Update 4/29/2022: I exited my short bear call vertical spread on LW, 50 days before expiration, for a $6.80 debit per contract/share, a loss before fees of $4.48 per contract. Shares were trading at $67.92, up $7.97 from the entry level.
The Implied Volatility Rank at exit was 31.3%, down 8.6 points from the entry level.
I exited because the position reached 21 days before expiration, my normal day for managing trades. The position showed no signs of becoming profitable, and as an added incentive, the stock is scheduled no go ex-dividend on May 5 and would almost certainly have been assigned.
Shares rose by 13.4% over 23 days for a +212% annual rate. The options position produced a 65.9% loss for a -1,046% annual rate.
I have entered a short bear call options spread on LW, using options that trade for the last time 44 days hence, on May 20. The premium is a $2.32 credit per contract share and the stock at the time of entry was priced at $59.65.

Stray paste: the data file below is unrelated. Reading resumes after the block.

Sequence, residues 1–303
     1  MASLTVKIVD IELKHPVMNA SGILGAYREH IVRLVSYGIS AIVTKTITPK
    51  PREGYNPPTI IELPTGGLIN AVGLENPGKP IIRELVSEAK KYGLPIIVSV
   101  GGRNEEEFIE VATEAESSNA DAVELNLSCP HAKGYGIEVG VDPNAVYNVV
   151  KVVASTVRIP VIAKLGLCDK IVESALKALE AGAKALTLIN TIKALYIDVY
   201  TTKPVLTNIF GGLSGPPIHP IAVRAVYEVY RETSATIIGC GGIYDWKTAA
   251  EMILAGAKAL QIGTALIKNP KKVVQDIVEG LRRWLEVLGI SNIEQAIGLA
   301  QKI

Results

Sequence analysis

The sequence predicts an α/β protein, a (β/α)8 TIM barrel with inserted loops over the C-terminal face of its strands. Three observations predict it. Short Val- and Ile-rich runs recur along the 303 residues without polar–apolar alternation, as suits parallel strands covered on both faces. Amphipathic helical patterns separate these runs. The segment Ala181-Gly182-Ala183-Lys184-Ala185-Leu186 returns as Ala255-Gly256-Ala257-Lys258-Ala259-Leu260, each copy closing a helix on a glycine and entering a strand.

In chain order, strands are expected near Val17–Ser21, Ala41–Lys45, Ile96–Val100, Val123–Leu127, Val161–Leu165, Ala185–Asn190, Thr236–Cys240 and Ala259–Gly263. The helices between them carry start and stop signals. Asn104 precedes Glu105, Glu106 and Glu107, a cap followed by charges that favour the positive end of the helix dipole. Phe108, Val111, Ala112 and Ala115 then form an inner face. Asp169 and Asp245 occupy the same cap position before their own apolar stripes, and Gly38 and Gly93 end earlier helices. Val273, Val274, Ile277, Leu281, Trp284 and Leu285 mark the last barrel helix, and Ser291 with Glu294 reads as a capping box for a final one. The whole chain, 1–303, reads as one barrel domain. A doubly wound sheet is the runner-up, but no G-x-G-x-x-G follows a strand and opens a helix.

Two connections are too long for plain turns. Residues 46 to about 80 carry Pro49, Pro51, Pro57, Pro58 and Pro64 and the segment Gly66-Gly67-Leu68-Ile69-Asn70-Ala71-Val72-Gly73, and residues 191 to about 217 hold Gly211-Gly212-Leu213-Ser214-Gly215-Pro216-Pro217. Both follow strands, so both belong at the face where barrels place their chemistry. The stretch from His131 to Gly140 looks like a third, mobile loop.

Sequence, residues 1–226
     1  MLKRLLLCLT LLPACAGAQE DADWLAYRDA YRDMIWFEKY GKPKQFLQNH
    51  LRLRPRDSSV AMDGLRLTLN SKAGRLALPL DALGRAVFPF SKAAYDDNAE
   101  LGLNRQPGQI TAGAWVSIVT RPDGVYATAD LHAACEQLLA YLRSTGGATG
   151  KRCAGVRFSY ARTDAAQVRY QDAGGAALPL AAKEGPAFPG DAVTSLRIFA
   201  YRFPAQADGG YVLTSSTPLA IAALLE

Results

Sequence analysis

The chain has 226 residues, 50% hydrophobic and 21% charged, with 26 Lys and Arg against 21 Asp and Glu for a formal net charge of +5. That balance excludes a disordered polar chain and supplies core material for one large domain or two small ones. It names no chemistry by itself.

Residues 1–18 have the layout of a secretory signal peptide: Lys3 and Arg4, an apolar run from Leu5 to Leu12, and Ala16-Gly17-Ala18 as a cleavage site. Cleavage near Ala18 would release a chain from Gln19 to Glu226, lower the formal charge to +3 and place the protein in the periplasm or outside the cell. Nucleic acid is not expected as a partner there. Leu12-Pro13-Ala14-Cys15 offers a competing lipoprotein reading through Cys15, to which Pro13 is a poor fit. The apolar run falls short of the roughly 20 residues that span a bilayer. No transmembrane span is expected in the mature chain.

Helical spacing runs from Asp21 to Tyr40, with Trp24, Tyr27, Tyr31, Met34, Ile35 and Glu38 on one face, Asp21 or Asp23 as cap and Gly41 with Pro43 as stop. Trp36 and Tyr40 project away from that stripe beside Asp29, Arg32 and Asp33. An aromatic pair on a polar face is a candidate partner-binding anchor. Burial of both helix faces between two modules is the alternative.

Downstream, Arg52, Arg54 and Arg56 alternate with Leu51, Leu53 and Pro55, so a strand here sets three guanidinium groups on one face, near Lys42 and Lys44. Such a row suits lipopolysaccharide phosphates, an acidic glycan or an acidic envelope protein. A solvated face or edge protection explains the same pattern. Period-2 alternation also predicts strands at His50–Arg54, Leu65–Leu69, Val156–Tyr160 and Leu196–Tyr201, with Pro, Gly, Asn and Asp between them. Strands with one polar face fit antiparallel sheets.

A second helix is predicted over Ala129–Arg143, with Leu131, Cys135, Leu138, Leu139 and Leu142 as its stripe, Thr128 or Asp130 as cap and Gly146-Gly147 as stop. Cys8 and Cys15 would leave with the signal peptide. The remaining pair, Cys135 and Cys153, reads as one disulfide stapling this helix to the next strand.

The Implied Volatility Ratio stood at 39.9%.
|LW-bear call spread||Strike||Odds||Delta|
The premium is 46.4% of the width of the position’s short/long spread. The profit zone covers a 4.5% move to the upside and an unlimited move to the downside.
The risk/reward ratio is 3.3:1, with maximum risk of $768 and maximum reward of $232 per contract.
How I chose the trade. The trade was placed to coincide with LW’s earnings announcement, before the opening bell on the day after entry. The short strikes was set to coincide with the expected move of $1.98 either way, based on options pricing, which gives a price range of $57.65 to $61.61.
By Tim Bovee, Portland, Oregon, April 6, 2022
Tim Bovee, Private Trader tracks the analysis and trades of a private trader for his own accounts. Nothing in this blog constitutes a recommendation to buy or sell stocks, options or any other financial instrument. The only purpose of this blog is to provide education and entertainment.
No trader is ever 100 percent successful in his or her trades. Trading in the stock and option markets is risky and uncertain. Each trader must make trading decisions for his or her own account, and take responsibility for the consequences.
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